The story and characters are all very authentic. Octavia and her classmates have all lived on Faloiv their whole life. They know nothing else. They know so much about the new creatures and plants of Faloiv, but not a lot about the Origin Planet (Earth). And words, like tortoises or cornrows or Afros, which have somehow remained in their language base have now lost their meaning. I liked how these little details were included as a reminder of the difference between the children born within N'Terra and those older inhabitants who journeyed from the Origin Planet. And it is this divide from which the trouble stirs.

    The romance in A Conspiracy of Stars starts as a newly developing crush and slowly deepens into a close friendship. Of course, this is all spread through the action and twists of the plot and so the romance does not take the focus. It will be very interesting to see how the romance continues in the second book. There are also many other relationships that feature in A Conspiracy of Stars, friendship, parent-daughter, student-teacher, and rival, that all become more complex as more secrets are revealed.

    This series is a planned duology. It is hugely exciting that the story will be concluded within just two books, keeping the story fast-paced and totally engaging. The exciting and climatic ending of this first book has me very eager to read the final novel. The is still so much of Faloiv to be discovered. A Conspiracy of Stars is a beautifully crafted science-fiction novel, that uniquely stretches the boundaries of what we think of about other planets, animals, and human interactions.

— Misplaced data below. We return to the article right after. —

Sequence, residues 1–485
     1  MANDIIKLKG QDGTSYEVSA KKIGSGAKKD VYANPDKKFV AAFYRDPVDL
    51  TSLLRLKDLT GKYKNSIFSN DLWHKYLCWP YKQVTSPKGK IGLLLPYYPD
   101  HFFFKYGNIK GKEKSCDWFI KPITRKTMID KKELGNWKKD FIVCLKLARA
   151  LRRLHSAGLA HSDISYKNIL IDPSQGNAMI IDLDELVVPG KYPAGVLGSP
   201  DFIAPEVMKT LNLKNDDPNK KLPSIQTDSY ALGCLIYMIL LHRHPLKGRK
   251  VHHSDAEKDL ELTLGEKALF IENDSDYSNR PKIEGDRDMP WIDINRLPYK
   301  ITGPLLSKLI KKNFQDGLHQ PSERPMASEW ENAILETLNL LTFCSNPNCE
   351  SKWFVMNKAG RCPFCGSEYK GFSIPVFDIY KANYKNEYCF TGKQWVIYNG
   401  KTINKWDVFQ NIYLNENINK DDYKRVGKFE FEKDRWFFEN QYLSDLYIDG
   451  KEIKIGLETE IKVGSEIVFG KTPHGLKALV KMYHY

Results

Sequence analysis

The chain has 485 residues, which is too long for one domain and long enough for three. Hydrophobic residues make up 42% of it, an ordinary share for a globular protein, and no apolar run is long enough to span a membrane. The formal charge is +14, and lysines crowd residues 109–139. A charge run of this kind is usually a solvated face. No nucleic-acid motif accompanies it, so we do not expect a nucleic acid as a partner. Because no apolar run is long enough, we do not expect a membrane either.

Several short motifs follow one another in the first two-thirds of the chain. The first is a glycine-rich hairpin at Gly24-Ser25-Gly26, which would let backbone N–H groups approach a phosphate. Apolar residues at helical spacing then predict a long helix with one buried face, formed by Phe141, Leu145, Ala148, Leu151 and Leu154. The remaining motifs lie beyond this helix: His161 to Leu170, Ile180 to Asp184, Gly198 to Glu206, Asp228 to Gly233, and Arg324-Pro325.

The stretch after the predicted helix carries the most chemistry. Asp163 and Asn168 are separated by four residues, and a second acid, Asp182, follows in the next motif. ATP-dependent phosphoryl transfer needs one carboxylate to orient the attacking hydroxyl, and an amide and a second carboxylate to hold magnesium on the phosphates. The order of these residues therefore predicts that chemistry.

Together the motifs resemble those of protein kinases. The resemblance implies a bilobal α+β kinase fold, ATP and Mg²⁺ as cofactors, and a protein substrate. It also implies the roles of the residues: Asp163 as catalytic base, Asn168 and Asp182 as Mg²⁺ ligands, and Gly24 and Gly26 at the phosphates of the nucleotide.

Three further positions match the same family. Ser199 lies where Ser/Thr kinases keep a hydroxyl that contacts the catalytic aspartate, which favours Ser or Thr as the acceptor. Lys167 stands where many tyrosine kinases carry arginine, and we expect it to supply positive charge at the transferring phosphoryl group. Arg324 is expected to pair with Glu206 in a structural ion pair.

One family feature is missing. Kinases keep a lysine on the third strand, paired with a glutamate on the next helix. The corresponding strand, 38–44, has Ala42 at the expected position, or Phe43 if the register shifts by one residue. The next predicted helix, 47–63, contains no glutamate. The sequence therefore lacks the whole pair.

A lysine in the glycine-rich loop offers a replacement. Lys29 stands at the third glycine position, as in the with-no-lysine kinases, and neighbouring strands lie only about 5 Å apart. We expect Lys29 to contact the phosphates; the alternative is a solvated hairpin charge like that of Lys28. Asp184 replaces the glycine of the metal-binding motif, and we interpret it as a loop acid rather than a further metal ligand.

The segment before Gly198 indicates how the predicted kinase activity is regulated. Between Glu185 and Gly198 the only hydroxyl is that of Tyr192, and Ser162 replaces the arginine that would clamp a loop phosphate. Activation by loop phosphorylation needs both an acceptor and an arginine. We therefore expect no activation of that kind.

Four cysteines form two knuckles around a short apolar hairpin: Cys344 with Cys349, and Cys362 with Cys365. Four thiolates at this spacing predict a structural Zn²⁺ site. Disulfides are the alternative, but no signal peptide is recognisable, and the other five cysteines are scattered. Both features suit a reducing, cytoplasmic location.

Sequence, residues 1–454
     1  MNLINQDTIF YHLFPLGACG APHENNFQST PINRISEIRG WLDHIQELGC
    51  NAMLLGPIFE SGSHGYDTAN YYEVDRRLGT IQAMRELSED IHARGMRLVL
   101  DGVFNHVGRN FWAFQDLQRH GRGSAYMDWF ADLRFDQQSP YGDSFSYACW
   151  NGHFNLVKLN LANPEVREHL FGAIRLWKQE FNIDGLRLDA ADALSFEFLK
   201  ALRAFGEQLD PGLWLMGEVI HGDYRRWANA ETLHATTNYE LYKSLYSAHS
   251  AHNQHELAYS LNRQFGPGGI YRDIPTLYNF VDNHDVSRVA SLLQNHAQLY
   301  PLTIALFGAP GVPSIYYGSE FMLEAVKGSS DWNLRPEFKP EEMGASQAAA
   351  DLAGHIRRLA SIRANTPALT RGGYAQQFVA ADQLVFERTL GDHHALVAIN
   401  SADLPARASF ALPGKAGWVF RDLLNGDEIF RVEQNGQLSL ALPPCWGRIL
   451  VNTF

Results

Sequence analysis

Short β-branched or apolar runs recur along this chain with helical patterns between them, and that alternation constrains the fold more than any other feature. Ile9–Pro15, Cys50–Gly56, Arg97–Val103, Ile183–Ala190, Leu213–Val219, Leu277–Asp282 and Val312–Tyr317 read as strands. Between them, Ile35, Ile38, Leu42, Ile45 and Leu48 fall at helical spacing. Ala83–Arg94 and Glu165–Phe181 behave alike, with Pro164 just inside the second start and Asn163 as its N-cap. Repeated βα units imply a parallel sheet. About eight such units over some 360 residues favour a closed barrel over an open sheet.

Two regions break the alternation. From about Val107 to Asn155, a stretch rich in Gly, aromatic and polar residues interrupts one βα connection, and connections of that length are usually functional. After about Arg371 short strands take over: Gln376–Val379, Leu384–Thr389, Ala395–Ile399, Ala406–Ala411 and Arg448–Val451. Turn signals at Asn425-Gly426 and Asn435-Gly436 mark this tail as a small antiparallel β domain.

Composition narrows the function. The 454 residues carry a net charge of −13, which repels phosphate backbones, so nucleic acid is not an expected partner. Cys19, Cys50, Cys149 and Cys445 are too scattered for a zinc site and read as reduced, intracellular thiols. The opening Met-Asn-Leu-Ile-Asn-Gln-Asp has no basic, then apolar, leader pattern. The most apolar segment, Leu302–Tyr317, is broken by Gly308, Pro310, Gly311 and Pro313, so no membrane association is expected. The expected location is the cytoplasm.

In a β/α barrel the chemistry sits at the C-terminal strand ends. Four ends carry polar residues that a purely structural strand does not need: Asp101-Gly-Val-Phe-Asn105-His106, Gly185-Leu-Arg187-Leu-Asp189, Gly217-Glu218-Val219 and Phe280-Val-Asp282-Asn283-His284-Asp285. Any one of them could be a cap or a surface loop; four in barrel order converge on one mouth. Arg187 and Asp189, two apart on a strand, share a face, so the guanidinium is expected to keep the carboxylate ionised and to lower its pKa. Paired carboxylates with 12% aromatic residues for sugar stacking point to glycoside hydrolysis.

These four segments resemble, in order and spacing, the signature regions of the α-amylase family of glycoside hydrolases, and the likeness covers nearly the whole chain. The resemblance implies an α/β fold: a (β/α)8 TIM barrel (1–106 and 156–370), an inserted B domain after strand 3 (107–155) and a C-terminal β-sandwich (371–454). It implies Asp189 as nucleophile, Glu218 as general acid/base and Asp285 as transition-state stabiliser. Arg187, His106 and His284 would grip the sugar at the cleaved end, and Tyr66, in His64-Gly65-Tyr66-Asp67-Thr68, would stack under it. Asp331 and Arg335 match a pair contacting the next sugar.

The publishers provided an advanced readers copy of this book for reviewing purposes. All opinions are my own.

    Find more reviews, reading age guides, content advisory, and recommendations on my blog

  • Emily May

    3 1/2 stars. I really think that love for certain books can depend on the time when you read them. There would probably be times when

    would be too slow-moving for me. Because, honestly, it is a very slow climb;

    , with later chapters containing enough action to just about mak

    3 1/2 stars. I really think that love for certain books can depend on the time when you read them. There would probably be times when

    would be too slow-moving for me. Because, honestly, it is a very slow climb;